• Distribution change/conversion (i.e. forced hot air to forced hot water) is NOT eligible for this offer.
  • Must be a Massachusetts residential natural gas or electric customer of Berkshire Gas, Blackstone Gas, Cape Light Compact JPE, Columbia Gas of Massachusetts, Eversource, Liberty Utilities, National Grid or Unitil.
  • Municipal Electric customers must heat with natural gas provided by a participating Gas Utility.
  • Customer must complete a Mass Save Home Energy Assessment or Site Visit prior to replacing their heating equipment. The existing equipment must be functional and fueled by natural gas, propane, or oil. A boiler must be at least 30 years old, while a furnace must be at least 12 years old.
  • Qualifying equipment must be installed and completed Rebate Form and other required documentation must be submitted by the installation and submission deadlines.
  • Equipment must be installed within a home with an active residential account.
  • Customers receiving the Early Heating Equipment Replacement Rebates are NOT eligible for any other Mass Save or GasNetworks heating and cooling equipment rebates on installed equipment; however, customers are eligible to apply for 0% financing through the Mass Save HEAT Loan Program.
  • Rebate is only valid for installations between January 1, 2018 and December 31, 2018. Rebate application must be submitted by January 31, 2019.
  • Equipment installation may be subject to a verification inspection.

Well, That Was A Lot of Bullet Points

The bottom line is Greg and Brandon from G&C Plumbing and Heating are here to help get your new heating system installed for the best price possible. Weather it’s financing options with G&C and/or helping your get the maximum on Mass Save rebates, give the guys a call and they’ll make sure your old heater’s last stand is a pleasant memory.

5.13.18c

Heater’s Last Stand

Raise your hand if when you turned off the heat last month you were amazed your system lasted through winter because you’re pretty sure it’d been circling the drain since Thanksgiving.

Hands down.

Greg and Brandon Sheck from G&C Plumbing and Heating know you don’t want to talk about heat after the winter we just survived, but now is actually the best time of the year to make some critical decisions about your heating system. “Because you don’t need it right now,” said Grand Master Plumber Greg Sheck. So, whether you’re certain of your system’s impending death or just curious, Greg and Brandon want you to do them a favor…

Go over to your heating system, right now, and run a quick test to make sure it’s in proper working order. “Don’t worry, running a test on your heater isn’t technically the same as turning it on,” said Greg for those still suffering from the psychological effects of March.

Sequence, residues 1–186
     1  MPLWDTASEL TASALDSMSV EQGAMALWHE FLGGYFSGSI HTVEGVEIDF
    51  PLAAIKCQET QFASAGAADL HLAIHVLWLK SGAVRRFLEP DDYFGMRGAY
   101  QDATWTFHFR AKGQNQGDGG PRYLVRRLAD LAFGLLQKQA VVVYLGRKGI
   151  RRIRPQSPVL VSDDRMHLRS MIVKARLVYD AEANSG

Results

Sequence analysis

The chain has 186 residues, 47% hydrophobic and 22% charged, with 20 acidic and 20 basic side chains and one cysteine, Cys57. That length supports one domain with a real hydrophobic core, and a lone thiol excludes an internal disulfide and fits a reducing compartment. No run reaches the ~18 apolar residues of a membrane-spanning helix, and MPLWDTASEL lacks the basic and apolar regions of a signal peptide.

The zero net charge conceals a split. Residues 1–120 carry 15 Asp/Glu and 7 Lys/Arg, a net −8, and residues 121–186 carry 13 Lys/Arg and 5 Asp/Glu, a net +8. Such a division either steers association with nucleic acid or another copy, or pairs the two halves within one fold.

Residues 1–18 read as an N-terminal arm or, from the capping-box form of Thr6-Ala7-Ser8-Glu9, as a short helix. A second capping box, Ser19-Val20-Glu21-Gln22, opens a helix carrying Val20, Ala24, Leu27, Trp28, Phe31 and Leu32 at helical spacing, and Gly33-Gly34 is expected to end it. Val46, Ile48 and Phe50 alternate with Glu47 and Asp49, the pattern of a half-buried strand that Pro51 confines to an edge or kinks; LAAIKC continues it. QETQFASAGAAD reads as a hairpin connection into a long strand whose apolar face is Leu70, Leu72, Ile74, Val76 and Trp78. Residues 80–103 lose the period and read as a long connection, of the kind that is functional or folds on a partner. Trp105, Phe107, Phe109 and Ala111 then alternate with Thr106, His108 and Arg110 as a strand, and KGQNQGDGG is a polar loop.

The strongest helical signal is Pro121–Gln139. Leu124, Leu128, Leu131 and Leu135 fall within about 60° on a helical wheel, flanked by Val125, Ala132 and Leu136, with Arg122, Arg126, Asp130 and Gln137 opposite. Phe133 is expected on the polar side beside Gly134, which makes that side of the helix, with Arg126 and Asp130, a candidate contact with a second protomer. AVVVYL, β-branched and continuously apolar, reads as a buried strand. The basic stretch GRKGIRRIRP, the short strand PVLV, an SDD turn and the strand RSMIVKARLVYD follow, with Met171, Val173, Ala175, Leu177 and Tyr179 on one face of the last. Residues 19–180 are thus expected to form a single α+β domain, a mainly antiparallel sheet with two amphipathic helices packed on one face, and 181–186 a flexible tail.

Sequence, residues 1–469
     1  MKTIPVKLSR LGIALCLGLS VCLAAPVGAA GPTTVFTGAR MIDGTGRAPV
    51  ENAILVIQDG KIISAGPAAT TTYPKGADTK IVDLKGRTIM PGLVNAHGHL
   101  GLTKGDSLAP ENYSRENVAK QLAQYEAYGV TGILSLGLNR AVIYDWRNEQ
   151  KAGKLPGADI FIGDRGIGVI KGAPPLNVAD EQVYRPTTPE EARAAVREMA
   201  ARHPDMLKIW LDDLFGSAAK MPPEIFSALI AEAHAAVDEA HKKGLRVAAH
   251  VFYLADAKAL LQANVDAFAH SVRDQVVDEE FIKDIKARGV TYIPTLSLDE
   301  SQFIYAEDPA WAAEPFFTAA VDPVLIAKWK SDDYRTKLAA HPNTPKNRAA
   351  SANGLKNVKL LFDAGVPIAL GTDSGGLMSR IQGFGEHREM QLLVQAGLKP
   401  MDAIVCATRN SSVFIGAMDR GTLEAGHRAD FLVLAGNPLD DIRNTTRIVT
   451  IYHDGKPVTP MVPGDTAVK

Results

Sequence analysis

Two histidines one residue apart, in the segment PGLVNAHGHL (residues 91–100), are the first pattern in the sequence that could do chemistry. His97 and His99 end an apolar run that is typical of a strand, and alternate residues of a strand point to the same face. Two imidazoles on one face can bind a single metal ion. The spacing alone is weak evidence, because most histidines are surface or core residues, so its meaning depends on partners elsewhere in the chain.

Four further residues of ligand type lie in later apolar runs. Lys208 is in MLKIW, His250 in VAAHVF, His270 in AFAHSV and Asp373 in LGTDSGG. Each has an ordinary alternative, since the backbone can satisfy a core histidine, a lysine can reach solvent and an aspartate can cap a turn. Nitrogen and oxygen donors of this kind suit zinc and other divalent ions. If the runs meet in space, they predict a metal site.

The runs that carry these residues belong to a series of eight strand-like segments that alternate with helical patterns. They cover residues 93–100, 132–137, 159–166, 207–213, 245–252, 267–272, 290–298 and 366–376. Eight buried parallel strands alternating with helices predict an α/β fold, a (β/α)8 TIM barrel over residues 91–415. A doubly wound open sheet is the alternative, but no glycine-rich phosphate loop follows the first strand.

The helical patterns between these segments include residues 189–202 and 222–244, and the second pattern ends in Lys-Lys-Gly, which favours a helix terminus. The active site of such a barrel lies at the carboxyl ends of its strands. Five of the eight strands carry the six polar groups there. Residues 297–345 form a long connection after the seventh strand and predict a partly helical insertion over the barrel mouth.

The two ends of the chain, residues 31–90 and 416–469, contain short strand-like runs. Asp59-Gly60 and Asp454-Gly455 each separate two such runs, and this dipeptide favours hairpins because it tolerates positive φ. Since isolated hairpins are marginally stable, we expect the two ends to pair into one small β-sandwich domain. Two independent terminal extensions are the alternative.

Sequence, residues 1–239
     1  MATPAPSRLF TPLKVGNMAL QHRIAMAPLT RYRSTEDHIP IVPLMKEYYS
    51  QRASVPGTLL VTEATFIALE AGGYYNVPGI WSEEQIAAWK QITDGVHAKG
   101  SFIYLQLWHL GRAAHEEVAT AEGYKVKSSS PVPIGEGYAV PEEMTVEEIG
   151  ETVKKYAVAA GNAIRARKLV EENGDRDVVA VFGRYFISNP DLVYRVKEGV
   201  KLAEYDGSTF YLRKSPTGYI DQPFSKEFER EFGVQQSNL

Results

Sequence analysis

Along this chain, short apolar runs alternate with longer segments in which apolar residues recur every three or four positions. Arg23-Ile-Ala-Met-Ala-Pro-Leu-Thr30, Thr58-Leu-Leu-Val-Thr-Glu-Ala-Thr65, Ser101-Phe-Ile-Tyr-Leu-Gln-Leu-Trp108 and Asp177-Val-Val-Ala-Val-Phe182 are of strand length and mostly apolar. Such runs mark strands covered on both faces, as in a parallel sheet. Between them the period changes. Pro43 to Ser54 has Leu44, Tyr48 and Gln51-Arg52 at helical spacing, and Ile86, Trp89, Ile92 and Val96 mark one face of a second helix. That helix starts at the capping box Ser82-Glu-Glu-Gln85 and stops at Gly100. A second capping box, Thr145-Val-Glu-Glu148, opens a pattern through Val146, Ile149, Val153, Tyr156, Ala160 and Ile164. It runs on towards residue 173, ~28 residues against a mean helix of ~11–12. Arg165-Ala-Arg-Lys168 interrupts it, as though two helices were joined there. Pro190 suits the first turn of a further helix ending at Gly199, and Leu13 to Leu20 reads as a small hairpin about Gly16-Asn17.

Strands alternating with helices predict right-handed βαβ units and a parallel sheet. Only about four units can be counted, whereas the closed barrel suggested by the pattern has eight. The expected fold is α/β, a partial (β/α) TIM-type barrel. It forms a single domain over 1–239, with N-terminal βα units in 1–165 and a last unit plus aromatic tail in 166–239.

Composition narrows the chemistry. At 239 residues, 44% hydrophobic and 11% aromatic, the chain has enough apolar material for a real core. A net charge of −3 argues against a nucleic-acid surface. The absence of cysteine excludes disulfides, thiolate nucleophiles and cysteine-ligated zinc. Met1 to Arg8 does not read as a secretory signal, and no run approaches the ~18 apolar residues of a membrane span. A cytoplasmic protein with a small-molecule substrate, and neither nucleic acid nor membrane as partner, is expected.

• Move the thermostat switch to the “heat/on” position and turn it up at least 10 degrees higher than the actual room temperature.
  • Listen carefully. Within a few minutes, you should hear your heating equipment jump into action.
  • If the equipment doesn’t start up, press the reset button on your burner’s relay. Press it just once.
  • If your system still doesn’t start, consider these points:
    • Are the emergency switches on? (There may be two: one at the stairs and one at the unit)
    • Did the fuse or circuit breaker for your equipment trip?

If the system kicks on, good! But, Greg wants you to consider a few things while it’s humming:

  • How many times in the past three years have you had the system serviced? Check out your service history to review the dollars spent. “If the numbers are creeping up there, you might want to invest in a new high-efficiency system instead of return-repair visits,” said Greg.
  • Are there any abnormal smells or funky noises? A bump or two from the basement is to be expected, but “if you hear excessive humming, clunking, banging, or smell strange odors, that’s not good and even if you don’t replace the system, it certainly needs a check-up.”
  • Is the air dry or dusty? Noticeable amounts of dust or drastic changes in air humidity can be symptoms of a declining heating system.

“We don’t want folks to sit back, enjoy their spring and summer and then find themselves in October with a faulty system,” said Brandon Sheck. “That is actually the worst time to make critical decisions about your heating system because that’s when you need it.”

G&C is pleased to offer financing options for pro-active customers this spring. “We have a 12-month financing option with 0 percent interest if you pay it off in said months, or longer terms like 60 to 84-month options for about six to nine percent interest,” said Brandon who is glad this gives customers peace of mind about coming up with money upfront for something they don’t even want to talk about when the weather is nice.

If you’re suspicious that your heater may have made its last stand over the winter, call the guys at G&C Pluming and Heating to get some honest advice and suggestions about what you should do right now.  In addition to financing options, Greg can tell you about some helpful MASS Save rebates that will also help.